Map of the United States highlighting Kentucky
Kentucky's location in the U.S.
Founded 1912
Named for James B. McCreary
Seat Whitley City
Largest community Pine Knot
 • Total 431 sq mi (1,116 km2)
 • Land 427 sq mi (1,106 km2)
 • Water 4.1 sq mi (11 km2), 1.0%
 • (2010) 18,306
 • Density 43/sq mi (17/km²)
Congressional district 5th
Time zone Eastern: UTC-5/-4

McCreary County is a county located in the U.S. state of Kentucky. As of the 2010 census, the population was 18,306. Its county seat is Whitley City. The county is named for James B. McCreary, a Confederate war hero and Governor of Kentucky from 1875 to 1879, and 1911 to 1915. During his second term as Governor of Kentucky, McCreary County was named in his honor.

McCreary County is the only Kentucky county to not have a single incorporated city. Because of this, county government is the sole local government agency for the entire county. Attractions in McCreary County include the Big South Fork National River and Recreation Area, Cumberland Falls State Park, and the Big South Fork Scenic Railway, which tours several former coal camps.

The majority of the county is owned by the federal government. 43% is owned and managed by the Daniel Boone National Forest, and 18% owned and managed by the National Park Service as the Big South Fork National River and Recreation Area.


  • 1 History
  • 2 Government and infrastructure
  • 3 Geography
    • 3.1 Geology
    • 3.2 Adjacent counties
    • 3.3 National protected areas
  • 4 Demographics
  • 5 Economy
    • 5.1 Transportation
  • 6 Communities
  • 7 Attractions
  • 8 Notable residents
  • 9 See also
  • 10 References
  • 11 External links


McCreary County was formed on March 12, 1912, the 120th and final county in order of formation. The present county boundaries contain 427.7 square miles (1,107.7 km2) of land area. The majority of the county was carved out of Wayne and Whitley Counties, with a large center strip following the rail line and roadway from Pulaski County, and a northeastern portion taken from Laurel County. The early history of the area is that of those counties, and is related in the historic perspectives for them. The map to the left shows the network of roadways that had been established by the 1860s. A dotted blue line and settlement names have been added for reference. During the Civil War, the region was the scenario of heavy fighting between Union and Confederate forces fighting for control of Fort Donelsen, and as part of the Union effort to secure the Cumberland. The fall of Fort Donelsen culminated in the eventual capture of Nashville.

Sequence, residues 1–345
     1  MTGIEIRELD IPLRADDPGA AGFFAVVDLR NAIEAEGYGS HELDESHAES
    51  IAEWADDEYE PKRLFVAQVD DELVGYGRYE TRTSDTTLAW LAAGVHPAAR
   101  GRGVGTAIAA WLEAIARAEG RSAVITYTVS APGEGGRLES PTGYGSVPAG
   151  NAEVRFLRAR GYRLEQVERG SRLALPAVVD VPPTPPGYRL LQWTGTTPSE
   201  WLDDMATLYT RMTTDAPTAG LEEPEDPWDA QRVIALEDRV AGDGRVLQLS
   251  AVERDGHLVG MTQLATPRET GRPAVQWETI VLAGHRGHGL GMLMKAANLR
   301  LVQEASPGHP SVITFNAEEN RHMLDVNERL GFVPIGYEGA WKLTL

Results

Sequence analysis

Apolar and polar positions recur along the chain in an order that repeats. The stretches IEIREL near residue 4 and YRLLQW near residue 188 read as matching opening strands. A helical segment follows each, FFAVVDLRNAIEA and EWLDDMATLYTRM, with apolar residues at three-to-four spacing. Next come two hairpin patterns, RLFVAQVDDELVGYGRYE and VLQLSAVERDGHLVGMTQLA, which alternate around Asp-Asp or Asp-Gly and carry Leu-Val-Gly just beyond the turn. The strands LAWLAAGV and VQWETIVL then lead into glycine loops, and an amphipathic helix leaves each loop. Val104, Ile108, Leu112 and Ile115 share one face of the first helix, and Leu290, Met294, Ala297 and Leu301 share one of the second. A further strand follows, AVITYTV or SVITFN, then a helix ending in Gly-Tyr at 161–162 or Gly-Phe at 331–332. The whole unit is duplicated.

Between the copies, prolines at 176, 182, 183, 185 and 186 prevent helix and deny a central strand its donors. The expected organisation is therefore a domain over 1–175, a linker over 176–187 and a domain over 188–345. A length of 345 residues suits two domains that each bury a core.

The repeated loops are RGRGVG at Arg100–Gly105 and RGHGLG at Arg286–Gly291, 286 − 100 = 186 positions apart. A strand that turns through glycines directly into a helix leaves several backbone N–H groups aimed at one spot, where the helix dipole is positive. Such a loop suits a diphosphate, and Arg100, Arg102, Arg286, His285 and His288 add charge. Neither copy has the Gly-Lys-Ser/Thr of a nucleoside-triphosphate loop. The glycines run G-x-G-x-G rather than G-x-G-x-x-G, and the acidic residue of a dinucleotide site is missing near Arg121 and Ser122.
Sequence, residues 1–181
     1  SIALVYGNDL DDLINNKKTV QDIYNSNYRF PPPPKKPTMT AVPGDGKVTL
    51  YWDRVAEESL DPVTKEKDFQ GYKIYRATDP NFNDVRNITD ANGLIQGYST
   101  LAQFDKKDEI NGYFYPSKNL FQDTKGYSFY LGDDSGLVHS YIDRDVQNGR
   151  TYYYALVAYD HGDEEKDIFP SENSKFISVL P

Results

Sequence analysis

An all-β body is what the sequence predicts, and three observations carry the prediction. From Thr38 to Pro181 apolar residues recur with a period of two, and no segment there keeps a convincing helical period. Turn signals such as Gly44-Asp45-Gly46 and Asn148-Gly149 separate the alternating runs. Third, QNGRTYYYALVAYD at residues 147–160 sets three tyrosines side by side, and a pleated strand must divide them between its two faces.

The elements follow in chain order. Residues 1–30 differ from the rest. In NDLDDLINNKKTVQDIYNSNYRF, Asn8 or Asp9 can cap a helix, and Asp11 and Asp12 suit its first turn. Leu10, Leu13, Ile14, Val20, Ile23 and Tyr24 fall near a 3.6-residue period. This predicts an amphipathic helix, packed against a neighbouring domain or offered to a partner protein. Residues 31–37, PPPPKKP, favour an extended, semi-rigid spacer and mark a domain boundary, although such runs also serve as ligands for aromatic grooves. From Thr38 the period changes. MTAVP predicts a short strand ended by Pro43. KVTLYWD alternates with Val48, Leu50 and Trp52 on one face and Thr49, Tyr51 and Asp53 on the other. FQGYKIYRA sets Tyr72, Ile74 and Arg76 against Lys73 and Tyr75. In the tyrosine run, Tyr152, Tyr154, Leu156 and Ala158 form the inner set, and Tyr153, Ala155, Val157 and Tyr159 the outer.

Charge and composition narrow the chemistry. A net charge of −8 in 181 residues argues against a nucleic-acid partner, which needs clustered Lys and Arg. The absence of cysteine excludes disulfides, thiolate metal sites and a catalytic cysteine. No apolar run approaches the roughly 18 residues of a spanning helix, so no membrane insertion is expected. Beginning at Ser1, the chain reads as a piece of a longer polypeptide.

Historic Map of McCreary County Area

The most significant early feature of the future county was the Jacksboro Road. Running from Jacksboro, Tennessee, to Point Isabel and Somerset, this pioneer road was simply an enlargement of the Tellico Trail, an Indian route that had been used for thousands of years. Several other trails intersected this road, and led to the growth settlement villages such as Pine Knot, Dripping Springs/Coolidge, and Flat Rock. Other settlement occurred in far flung, sequestered hollows. The economy of the times was based upon small-scale subsistence agriculture, timber products such as railroad ties and barrel staves, and small coal mines.

Beginning in the early 19th century, Cumberland Falls gained attention as an early tourism destination. Later development increased visitation, and the Brunsen Inn was a popular destination for seasonal visitors. Until a road was built from Whitley County in 1931, the primary access to the Falls was through McCreary. With a generous contribution from one of the DuPont family heirs, the Falls joined the state park system in 1930.